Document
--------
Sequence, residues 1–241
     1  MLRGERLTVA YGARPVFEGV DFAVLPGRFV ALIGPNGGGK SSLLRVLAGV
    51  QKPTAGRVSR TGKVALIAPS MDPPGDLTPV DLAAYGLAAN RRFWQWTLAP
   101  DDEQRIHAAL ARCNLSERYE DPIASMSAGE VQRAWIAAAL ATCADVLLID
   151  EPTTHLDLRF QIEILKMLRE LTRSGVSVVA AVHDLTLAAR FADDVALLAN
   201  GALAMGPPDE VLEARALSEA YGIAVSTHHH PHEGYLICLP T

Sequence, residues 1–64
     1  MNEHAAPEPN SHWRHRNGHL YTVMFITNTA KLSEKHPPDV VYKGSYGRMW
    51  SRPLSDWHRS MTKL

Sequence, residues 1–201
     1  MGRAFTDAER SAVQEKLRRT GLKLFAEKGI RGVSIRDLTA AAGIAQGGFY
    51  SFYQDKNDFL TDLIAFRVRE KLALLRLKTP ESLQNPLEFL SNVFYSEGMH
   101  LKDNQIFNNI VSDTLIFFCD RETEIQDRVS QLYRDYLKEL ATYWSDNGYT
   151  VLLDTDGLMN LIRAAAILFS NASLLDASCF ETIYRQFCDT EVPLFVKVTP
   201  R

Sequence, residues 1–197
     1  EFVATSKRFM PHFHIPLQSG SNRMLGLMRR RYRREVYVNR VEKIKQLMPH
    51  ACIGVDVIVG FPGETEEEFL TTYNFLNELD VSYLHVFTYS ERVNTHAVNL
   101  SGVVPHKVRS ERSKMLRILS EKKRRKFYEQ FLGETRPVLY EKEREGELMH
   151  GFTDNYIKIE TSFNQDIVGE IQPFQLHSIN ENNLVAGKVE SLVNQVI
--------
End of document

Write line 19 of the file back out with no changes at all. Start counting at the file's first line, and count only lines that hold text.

   101  SGVVPHKVRS ERSKMLRILS EKKRRKFYEQ FLGETRPVLY EKEREGELMH